The substitution of serine by cysteine in codon 326 (Ser326Cys) in OGG1 N-glycosylase (see subchapter 4) is one of the cases of questionable involvement in cancer; the imperative need for comprehensive human studies regarding this polymorphism which has been shown to be less efficient in oxidative lesion removal in vitro (Ishida et al., 1999; Yamane et al., 2004; Hill and Evans, 2006) has already been highlighted (Loft and Moller, 2006). Epidemiological studies of this polymorphism in relation to lung cancer have yielded mixed results showing a weak association between homozygous Ser326Cys and cancer development (Hatt et al., 2008). Two recent meta-analyses (statistical re-evaluations of separate but related studies) of 1925 and 3253 lung cancer patients showed indeed an increased risk in homozygous populations (Kohno et al., 2006; Hung et al., 2005 respectively). Furthermore, a meta-analysis of 6375 cases showed implications of Ser326Cys homozygous genotype in cancer development in non-smokers only (Li et al., 2008). Incrimination of this OGG1 polymorphism in lung cancer development is thus possible. Colorectal cancer is less strongly associated with this polymorphism; the Ser326Cys homozygous populations were at increased risk for colorectal cancer in certain studies (Moreno et al., 2006). The Ser326Cys homozygous populations were at increased risk for colorectal cancer, only when other incriminating factors (increased meat intake, cigarette smoking) were co-present (Kim et al., 2003). Other studies however have not found a correlation between this polymorphism and colorectal adenomas or carcinomas (Hansen et al., 2005).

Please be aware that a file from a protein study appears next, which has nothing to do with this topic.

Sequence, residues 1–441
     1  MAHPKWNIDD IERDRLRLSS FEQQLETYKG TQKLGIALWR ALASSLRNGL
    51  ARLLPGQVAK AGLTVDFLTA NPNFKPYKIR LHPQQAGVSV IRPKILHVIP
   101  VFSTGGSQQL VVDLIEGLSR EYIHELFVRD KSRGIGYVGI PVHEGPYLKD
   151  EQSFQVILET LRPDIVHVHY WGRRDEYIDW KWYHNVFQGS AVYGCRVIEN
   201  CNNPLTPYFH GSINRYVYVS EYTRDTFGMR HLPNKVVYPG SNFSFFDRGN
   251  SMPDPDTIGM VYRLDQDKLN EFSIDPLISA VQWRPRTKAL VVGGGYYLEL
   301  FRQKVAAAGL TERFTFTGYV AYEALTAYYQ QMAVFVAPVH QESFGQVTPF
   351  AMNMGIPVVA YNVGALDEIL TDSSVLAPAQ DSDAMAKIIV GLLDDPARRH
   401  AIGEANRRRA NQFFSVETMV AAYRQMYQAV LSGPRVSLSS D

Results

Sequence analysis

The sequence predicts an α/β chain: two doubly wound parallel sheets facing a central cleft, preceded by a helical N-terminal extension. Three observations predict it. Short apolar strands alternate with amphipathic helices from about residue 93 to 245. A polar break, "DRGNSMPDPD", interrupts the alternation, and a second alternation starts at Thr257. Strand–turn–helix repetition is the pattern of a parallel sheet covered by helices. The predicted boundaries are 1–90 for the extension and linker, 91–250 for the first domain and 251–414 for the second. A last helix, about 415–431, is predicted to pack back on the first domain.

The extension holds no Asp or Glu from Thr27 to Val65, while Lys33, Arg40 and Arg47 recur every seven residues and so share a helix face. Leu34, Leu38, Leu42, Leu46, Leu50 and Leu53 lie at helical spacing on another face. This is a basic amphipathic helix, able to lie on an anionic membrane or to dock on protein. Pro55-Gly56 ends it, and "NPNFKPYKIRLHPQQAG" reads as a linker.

On the contrary, mutations in the MYH gene (see also subchapter 4) have been proven without doubt to be able to cause an autosomal recessive form of familial adenomatous polyposis (Lindor, 2009). Individuals with biallelic inherited mutations of the MYH gene run a high risk of colorectal cancer that approaches 100% (Dolwani et al., 2007). Transversion mutations in MYH disrupt the normal base excision repair of adenines misincorporated opposite 7,8-dihydro-8-oxoguanine, a prevalent and stable product of oxidative damage to DNA, leading to hereditary colorectal neoplasms (Sampson et al, 2005). Patients with MYH-associated polyposis (MAP) present with clinical features similar to classic FAP (familial adenomatous polyposis). Patients typically present between the ages of 40–60 years with a variable number of colorectal adenomatous polyps, however, MYH mutation carriers do not usually present with multiple polyps before the age of 30 years (Kastrinos and Syngal, 2007).

Given the critical role of APE1 in BER a total of 18 polymorphisms in APE1 gene have been reported. The most extensively studied is the Asp148Glu; A meta-analysis of 12432 cases showed an increased risk of cancers, especially of colorectal cancer for this allele. Functional studies have shown that this variant may have altered endonuclease and DNA-binding activity and reduced ability to interact with other BER proteins (Gu et al., 2009) in order to form critical complexes for nucleotide excision/incorporation during the rectifying process. Besides its endonuclease activity, APE1 has been shown to stimulate the DNA binding activity of numerous transcription factors that are involved in cancer promotion and progression such as Fos, Jun, nuclear factor-κB and p53, thus is actively involved in redox regulation of oncoproteins (Kelley et al., 2010).